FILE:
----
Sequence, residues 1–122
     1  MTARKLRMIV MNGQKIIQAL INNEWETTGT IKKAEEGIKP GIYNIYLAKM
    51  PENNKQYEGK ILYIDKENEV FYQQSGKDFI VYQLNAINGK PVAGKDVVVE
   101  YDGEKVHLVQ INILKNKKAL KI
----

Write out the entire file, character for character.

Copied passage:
Sequence, residues 1–122
     1  MTARKLRMIV MNGQKIIQAL INNEWETTGT IKKAEEGIKP GIYNIYLAKM
    51  PENNKQYEGK ILYIDKENEV FYQQSGKDFI VYQLNAINGK PVAGKDVVVE
   101  YDGEKVHLVQ INILKNKKAL KI